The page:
Now, I’m not saying I’ve got Murray’s palate. But other than the fact that they are both called whisky, The Macallans and the Crown Royal really have nothing in common. To be fair, Murray would no doubt explain that he’s not directly comparing one dram to another, but scoring each one on its own individual merits. Okay, but still, how can one tot get an aromatic rating of 24 out of 25, while another gets 23 out of 25? Surely there must be something, on some level, that transcends pure objectivity when it comes to favouring the aroma and flavour of one liquid over another. However, the professional/objective reviewer probably wouldn’t admit to simply “liking” sample A over sample B, since what someone “likes” is completely subjective.
But so what? If the reviewer has an expert palate and a thorough knowledge of the subject matter, shouldn’t this be good enough to earn reader/listener/viewer trust? If a critic was to say, “this is a great bottle … I think you should try it,” (or write a review that implies the same thing) wouldn’t that be lauding enough for the average consumer to consider taking the recommendation of the expert? Does the stuff really have to have an impressive score or “best in the world” tag attached to it to merit attention?
The other thing about wines/beers/spirits and any other sensual items is that they are all, to an extent, situation dependent. The same wine, for example, can leave different impressions depending on when, where and with whom it’s tasted. I’m sure you’ve heard someone bemoaning that a particular libation they enjoyed in, say, Italy, “just wasn’t the same” when tried back in Canada. Of course it wasn’t. They were in Italy!
I can tell you firsthand that a wine tastes different (i.e. better) when enjoyed with the winemaker, over a fabulous local meal while watching the sun set over the rolling Tuscan hills, than it does when sampled on its own in a tasting lab. Context dictates the difference between what is truly exceptional and what is just unquestionably good. In fact, speaking of wine, a good chunk of what is produced in the world is designed to show its real merits when paired with food. The winemaker intended it to be enjoyed, not judged.
In any case, I’ve ranted many times in the past about scores and stars and other accolades, so I won’t go down that well-worn path yet again. But I will say that I think it’s about time we all lightened up a bit about the drinks that have been crafted for us to simply appreciate.
Oh, yeah … the World Whisky of the Year? I poured it for a number of people — from whisky aficionados to those who simply appreciate good spirits. The consensus? Most liked it. Some more than others. On the other hand, at least one thanked me for saving him 30 bucks. But nobody claimed it was the best whisky they’d ever tried (or even the best rye they’d ever tried). And nobody really agreed with the “best in the world” honour. Probably because they just weren’t being objective.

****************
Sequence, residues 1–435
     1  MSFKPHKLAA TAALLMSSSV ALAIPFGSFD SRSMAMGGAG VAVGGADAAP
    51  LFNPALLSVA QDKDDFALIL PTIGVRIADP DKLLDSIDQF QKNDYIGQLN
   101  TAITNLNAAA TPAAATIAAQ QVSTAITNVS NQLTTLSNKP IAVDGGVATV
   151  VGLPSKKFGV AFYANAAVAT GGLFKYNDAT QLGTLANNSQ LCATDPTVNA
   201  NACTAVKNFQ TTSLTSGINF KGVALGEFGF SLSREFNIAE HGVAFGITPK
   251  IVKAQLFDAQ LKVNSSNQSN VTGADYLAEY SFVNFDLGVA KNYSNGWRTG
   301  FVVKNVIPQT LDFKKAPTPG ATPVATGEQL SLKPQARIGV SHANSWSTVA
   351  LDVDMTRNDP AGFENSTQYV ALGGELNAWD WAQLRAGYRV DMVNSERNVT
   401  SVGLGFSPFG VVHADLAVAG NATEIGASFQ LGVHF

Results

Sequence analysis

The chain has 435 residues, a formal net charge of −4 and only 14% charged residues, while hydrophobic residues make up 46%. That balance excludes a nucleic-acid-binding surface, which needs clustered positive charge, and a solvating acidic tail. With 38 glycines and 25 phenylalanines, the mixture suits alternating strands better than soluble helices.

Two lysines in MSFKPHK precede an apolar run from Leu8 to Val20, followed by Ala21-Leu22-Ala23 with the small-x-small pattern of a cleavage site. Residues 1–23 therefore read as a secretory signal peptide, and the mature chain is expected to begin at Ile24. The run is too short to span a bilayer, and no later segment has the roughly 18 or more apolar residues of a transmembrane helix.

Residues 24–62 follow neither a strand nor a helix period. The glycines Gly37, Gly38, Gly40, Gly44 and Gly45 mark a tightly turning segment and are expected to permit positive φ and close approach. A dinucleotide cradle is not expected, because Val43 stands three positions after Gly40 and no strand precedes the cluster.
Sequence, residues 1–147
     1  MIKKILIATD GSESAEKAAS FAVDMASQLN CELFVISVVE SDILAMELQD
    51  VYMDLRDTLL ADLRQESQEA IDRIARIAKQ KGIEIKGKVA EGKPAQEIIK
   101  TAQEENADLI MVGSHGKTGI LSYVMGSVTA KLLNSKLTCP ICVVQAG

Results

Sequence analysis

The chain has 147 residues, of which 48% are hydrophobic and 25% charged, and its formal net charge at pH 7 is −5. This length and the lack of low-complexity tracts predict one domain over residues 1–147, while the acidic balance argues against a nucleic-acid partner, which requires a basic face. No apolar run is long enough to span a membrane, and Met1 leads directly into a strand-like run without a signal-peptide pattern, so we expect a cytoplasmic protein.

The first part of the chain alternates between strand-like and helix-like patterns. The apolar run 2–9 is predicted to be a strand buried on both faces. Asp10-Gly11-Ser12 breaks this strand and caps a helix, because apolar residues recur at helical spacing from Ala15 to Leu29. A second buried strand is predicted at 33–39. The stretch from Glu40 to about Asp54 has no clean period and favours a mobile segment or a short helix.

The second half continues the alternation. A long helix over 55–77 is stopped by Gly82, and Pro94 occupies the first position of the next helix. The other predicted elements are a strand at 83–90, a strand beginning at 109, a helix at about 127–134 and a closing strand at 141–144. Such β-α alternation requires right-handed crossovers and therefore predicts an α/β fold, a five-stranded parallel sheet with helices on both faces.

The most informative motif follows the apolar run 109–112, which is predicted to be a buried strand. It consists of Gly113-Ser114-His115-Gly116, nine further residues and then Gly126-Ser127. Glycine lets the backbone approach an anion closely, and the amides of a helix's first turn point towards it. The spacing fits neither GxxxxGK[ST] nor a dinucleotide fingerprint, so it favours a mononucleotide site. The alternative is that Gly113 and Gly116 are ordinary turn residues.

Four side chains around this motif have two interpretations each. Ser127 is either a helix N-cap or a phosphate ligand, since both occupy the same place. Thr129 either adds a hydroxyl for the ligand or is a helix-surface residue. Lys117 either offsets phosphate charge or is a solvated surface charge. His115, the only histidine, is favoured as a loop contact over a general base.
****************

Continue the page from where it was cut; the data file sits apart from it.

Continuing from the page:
Crown Royal Northern Harvest Rye ($33)
The nose is distinctly fruity, with hints of candy apple, fruitcake, baking spice (cinnamon, to be exact), vanilla, tangerine and fennel. Crisp, spicy, snappy and pure. A really nice dram. And, at the price, it’s a knockout. World’s best? Well, you decide!
The Macallan 1824 Masters Series
I’m always conscious about writing tasting notes for libations most readers will never have the opportunity to try. However, since I mentioned these in the story …
The Macallan Rare Cask ($400)
Dark chocolate and sultana notes waft up from the glass, complemented by freshly zested lemon and orange, with some allspice, wood polish, toffee and dried fruit fragrances mingled in. Smooth, rich and balanced, with notes of vanilla, clove and a touch of tobacco as it exits.
The Macallan Refexion ($1,500)
Candied orange, exotic flowers, caramel, vanilla, nutmeg, toffee … they’re all here, with a suggestion of sweet, stewed fruit. Assertive and fairly spicy on the palate, it is nonetheless seriously complex, with toasted nuts, bitter chocolate, dried fruit and a dash of candied, cinnamon hearts on the lingering finish.
The Macallan No. 6 ($4,500)
“No. 6” refers to the number of facets cut into the stunning Lalique crystal decanter in which the nectar is housed. Aged exclusively in first-fill Spanish oak sherry casks. Like the decanter, the whisky itself is multi-faceted, with ripe red apple, fig, date, candied ginger, clove and marmalade. Rich and viscous in the mouth, this is an intensely concentrated dram sporting layer upon layer of seamlessly integrated spice, vanilla/oak, malt and crème brûlée.
The Macallan M ($5,000)
I joked with one of The Macallan spokespersons that I was worth considerably more leaving the tasting than I was walking in. Malts for this extraordinary assemblage date back to 1940, with additional barrels of the 1947, ’48, ’49, ’70, ’80 and ’91 blended in for good measure. Intensely spicy and complex, with aromatics suggesting anise, smoke, nougat, traces of aged wood and just a bare — and pleasant — whiff of acetate. Clove, sweet tobacco, cocoa powder, raisin pie and lush red berries almost overwhelm the palate. Incredibly intense and long on the finish, with just a trace of smoke. In fact, this is the only The Macallan that has ever incorporated peated whisky in the blend.